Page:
Lord gillLord Gill recommended McKenzie Friends be introduced in his Civil Courts Review. In the recent Civil Courts Review, conducted by Scotland’s Lord Justice Clerk, Lord Brian Gill recommended that McKenzie Friends should be introduced in Scotland, not only being allowed to sit beside a litigant but also to be granted a right of audience in some circumstances, to speak for litigants. However, Lord Gill’s detailed recommendations on the introduction & application of McKenzie Friends in Scotland’s courts conflicts severely with claims made by the Lord President to Holyrood’s Petitions Committee, where Lord Hamilton claimed that such assistance as provided by McKenzie Friends had always existed in Scotland, when in fact, no recorded use of McKenzie Friends in Scottish Civil Courts has taken place until now, this now confirmed by the Scottish Courts Service itself.

You can read my earlier articles on Lord Gill’s recommendations for the introduction of McKenzie Friends in Scotland, here : Scots Law ‘shake up’ as Lord Gill’s Civil Courts Review supports McKenzie Friends, Class Actions & wider access to justice for all

You can read my earlier reports on the battle to bring McKenzie Friends to Scotland here : McKenzie Friends for Scotland – A battle worthy of a McKenzie Friend

As legal experts in Scotland continue to assess the impact of Lord Woolman’s ruling on McKenzie Friends, and the precedent the decision has now established, the race is now on to set rules and guidance for the Scottish Courts on the general application & acceptance of McKenzie Friends to provide unrepresented party litigants with advice & assistance during court appearances.

A legal insider pointed out today that in England & Wales, as soon as a litigant makes a request to have a McKenzie Friend assist their litigation, the English courts must consider that request on a Human Rights basis, as contained in the Lord President of the Family Division’s guidance to the English Courts, which clearly states :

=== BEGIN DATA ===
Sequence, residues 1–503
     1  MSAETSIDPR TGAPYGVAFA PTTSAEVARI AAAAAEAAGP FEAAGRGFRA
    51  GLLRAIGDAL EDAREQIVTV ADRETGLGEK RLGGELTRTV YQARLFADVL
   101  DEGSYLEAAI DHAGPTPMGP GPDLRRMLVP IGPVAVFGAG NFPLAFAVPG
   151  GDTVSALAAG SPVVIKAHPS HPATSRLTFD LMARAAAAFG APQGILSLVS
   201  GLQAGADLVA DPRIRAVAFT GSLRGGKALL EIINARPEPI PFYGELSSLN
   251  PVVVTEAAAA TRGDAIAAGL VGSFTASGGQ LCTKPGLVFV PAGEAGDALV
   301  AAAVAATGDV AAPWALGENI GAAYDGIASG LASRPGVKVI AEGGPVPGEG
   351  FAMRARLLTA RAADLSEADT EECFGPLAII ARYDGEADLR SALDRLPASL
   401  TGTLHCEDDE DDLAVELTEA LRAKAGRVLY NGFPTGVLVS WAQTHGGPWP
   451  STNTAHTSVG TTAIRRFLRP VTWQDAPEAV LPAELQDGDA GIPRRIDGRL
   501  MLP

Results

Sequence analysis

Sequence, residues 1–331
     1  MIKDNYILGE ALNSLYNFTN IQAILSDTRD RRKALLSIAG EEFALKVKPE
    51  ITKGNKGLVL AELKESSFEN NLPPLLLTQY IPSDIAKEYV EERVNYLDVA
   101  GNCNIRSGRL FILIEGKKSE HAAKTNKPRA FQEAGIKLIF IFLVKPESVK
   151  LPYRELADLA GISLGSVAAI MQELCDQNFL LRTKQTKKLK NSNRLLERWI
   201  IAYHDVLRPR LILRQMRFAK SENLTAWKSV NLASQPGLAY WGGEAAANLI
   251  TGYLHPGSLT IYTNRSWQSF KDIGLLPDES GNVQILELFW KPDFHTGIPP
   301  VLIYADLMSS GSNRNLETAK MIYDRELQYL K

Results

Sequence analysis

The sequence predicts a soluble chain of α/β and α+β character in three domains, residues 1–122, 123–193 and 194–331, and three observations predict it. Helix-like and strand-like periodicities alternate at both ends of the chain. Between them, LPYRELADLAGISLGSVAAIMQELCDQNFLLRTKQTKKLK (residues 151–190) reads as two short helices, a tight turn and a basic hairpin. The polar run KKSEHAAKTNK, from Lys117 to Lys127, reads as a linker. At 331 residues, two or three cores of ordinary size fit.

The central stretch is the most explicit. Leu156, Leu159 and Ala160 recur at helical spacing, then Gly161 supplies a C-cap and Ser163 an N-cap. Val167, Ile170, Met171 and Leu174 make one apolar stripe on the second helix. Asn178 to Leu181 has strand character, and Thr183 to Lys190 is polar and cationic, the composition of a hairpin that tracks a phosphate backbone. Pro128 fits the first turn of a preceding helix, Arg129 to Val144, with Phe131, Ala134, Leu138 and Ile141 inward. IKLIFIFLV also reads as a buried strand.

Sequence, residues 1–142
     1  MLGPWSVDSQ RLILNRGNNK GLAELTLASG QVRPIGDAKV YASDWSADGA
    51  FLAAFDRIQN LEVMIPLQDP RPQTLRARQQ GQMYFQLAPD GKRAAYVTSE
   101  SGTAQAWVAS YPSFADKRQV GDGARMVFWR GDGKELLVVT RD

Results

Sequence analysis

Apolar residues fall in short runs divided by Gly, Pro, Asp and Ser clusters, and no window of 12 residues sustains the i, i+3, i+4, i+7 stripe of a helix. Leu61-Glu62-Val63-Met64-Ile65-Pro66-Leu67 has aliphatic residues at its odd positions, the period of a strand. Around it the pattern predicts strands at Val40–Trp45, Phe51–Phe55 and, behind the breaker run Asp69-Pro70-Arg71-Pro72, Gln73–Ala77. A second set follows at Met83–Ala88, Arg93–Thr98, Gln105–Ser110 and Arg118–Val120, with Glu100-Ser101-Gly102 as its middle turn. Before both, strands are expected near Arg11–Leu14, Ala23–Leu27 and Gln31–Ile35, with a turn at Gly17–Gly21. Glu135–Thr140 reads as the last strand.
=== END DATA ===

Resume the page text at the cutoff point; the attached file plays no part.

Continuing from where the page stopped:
• When considering any request for the assistance of a McKenzie Friend, the Human Rights Act 1998 Sch 1 Part 1 Article 6 is engaged; the court should consider the matter judicially, allowing the litigant reasonable opportunity to develop the argument in favour of the request.

• The litigant in person should not be required to justify his desire to have a McKenzie Friend ; in the event of objection, it is for the objecting party to rebut the presumption in favour of allowing the MF to attend.

• A favourable decision by the court, allowing the assistance of a McKenzie Friend, should be regarded as final and not as something which another party can ask the court to revisit later, save on the ground of misconduct by the McKenzie Friend or on the ground that the MF’s continuing presence will impede the efficient administration of justice.

What a McKenzie Friend May Do :

• Provide moral support for the litigant
• Take notes
• Help with case papers
• Quietly give advice on : points of law or procedure ; issues that the litigant may wish to raise in court & questions the litigant may wish to ask witnesses.

What a McKenzie Friend May Not Do :

• A McKenzie Friend has no right to act on behalf of a litigant in person. It is the right of the litigant who wishes to do so to have the assistance of a McKenzie Friend.

• A McKenzie Friend is not entitled to address the court, nor examine any witnesses. A McKenzie Friend who does so becomes an advocate and requires the grant of a right of audience.

• A McKenzie Friend may not act as the agent of the litigant in relation to the proceedings nor manage the litigant’s case outside court, for example, by signing court documents.

The full guidance from the Lord President of the Family Division on the use of McKenzie Friends in England & Wales can be downloaded here : President’s Guidance: McKenzie Friends

One of the most important issues with regard to the use of McKenzie Friends in England & Wales, is that when a litigant makes a request for a McKenzie Friend, the request is considered with regard to Article 6 of Human Rights legislation. Currently, this is not the case in Scotland, and as yet, no guidance has been released from the Lord President’s office addressing these issues.

This Human Right of a McKenzie Friend to the unrepresented people across our country must not be separated by the hills of the Scottish Borders, simply on the basis the Scottish legal establishment, and the legal profession feel they will lose control over the courts and perhaps more importantly to them, control over access to justice and law firms profits.

Given the confused and contradictory claims by the Lord President, Lord Hamilton and the Scottish Government in its responses to the McKenzie Friend petition, and Lord Woolman’s following to the letter of Lord Hamilton’s ‘sit behind & far away’ policy, a right and entitlement to a McKenzie Friend in Scottish Law is long overdue and can no longer be allowed to remain ‘in the the gift’ of the Court. Give Scots the right of a McKenzie Friend.